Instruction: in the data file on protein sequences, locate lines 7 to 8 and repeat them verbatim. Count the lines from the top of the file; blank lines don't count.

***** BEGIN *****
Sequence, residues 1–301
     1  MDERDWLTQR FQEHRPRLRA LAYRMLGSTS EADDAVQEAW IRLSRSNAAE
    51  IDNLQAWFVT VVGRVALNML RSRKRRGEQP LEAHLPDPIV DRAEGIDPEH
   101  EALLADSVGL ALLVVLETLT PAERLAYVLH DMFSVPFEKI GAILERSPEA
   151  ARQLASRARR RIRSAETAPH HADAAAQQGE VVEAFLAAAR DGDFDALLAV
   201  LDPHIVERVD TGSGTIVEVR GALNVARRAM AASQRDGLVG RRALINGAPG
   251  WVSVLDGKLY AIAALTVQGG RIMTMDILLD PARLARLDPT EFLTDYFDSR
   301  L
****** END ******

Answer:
   251  WVSVLDGKLY AIAALTVQGG RIMTMDILLD PARLARLDPT EFLTDYFDSR
   301  L